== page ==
Specifically, concerning IEDs, the security risk is caused by the lack of cryptographic capability because the overhead induced by the extra payload and processing would cause unacceptable delays in time-sensitive applications, especially due to the fact that the microprocessors used in IEDs have little processing capabilities. More recently, IEDs that implement protocols such as IEC 61850 are however able to validate the authenticity of messages.

The messages that IEDs exchange with the outside world are often transmitted over communication channels that are potentially open to eavesdropping or active intrusions. Moreover, the communication protocols most frequently used in substations are well known (Modbus, Modbus-Plus, DNP3, etc.) but security was not an issue when these protocols were designed, and they contain no features to ensure the confidentiality or authenticity of the data transmitted. Hence control messages can be easily spoofed or replayed.

A large potential threat to these systems is derived from unauthorized users on the corporate network or any network that has connection with the SA. Consequently, the first step in securing substation assets should be to ensure that the corporate network is made as secure as possible and has sufficient points of control and isolation from the SA system network using appropriate firewall rules and other known cyber-security measures [1]. Moreover, if wireless technology is deployed at the substation, it can create a new attack vector if no proper security measure such as access control and encryption are in place.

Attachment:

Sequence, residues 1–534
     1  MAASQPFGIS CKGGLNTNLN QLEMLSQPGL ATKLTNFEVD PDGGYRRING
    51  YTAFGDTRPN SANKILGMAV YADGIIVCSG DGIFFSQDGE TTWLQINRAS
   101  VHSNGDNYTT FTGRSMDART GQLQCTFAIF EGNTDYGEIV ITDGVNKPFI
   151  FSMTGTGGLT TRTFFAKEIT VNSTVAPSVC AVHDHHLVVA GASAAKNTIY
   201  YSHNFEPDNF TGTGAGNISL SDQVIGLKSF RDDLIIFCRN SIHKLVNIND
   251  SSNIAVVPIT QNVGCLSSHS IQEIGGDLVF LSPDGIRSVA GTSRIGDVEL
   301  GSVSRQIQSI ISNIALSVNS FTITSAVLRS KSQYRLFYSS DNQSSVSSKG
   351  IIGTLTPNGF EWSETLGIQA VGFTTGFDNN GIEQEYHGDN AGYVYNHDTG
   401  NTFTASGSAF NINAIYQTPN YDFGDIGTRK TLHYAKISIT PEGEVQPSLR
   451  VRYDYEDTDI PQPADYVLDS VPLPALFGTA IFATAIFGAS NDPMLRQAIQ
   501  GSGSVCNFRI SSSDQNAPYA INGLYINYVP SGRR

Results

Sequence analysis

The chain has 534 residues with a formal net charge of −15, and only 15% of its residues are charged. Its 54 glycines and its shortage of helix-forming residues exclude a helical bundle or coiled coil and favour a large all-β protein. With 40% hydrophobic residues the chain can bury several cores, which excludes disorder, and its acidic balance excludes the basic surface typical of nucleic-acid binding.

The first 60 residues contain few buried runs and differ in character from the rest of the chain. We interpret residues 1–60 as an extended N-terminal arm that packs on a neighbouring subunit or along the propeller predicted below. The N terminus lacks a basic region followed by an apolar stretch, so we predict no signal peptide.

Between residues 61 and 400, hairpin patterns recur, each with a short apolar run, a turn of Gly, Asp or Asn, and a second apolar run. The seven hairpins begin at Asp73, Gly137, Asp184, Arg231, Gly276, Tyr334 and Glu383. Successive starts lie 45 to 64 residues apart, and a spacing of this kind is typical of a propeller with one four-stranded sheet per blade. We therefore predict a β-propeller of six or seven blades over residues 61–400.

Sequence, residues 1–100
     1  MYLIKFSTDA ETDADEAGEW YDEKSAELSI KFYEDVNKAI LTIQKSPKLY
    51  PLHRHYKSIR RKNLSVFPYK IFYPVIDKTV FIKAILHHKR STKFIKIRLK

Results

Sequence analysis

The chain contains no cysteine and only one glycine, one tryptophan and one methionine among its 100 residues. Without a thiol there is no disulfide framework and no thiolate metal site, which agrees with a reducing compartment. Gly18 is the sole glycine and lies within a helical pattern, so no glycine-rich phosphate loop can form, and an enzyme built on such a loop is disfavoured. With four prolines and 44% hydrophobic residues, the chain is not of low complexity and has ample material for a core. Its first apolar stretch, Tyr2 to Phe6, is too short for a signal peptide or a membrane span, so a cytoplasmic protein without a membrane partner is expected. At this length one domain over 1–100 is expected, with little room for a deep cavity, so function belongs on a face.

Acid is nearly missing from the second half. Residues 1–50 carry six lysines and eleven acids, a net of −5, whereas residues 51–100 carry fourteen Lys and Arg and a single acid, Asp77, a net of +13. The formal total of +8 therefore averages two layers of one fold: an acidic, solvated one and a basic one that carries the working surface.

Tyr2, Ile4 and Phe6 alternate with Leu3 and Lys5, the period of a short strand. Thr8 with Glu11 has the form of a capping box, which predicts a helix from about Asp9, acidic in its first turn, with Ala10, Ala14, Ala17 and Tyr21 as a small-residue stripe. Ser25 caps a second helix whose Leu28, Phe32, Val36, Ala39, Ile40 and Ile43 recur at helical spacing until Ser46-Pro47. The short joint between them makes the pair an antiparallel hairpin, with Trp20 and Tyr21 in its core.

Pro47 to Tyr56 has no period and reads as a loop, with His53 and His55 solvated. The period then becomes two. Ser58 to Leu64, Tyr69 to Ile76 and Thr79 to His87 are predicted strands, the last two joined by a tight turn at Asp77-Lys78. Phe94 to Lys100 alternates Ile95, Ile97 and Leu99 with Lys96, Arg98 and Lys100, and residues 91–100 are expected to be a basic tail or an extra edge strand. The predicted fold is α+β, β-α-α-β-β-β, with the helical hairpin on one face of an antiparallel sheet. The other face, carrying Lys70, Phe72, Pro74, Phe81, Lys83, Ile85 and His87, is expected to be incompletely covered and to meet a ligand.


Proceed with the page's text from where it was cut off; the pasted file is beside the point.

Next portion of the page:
The physical protection of the cyber components and data associated must be addressed as part of the overall security. Having physical access to a control room or control system components often implies gaining logical access to the process control system as well (e.g., through network or USB ports).

IEEE Standard 1402-2000 [43] identifies and classifies the types of “intrusions” into a substation and discusses some security methods to be adopted for mitigating risks.

Also NERC in “Security Guidelines for the Electricity Sector” [44] has developed a comprehensive set of guidelines addressing general approaches, considerations, practices, and planning methods to be applied in protecting the electric infrastructure systems.

Other physical security measures coupled with electronic controls are discussed in NERC-CIP-006 [45].

7. Conclusions

Industrial Control Systems (ICS) have passed through a significant transformation from proprietary, isolated systems with dozens of different vendor specific standards towards open architectures and standard technologies highly interconnected with other applications and systems over corporate networks, as well as wide area networks, or the Internet. This paper focused on the ICS of the electrical sector and particularly on the Smart Grid and provided the necessary background information on SCADA and utility applications that run typically at the control center of transmission or distribution grid operators. This sector has been particularly active at establishing new standards to improve interoperability between all sector players and will continue developing towards the Smart Grid which is needed for an efficient integration of distributed energy generation technologies.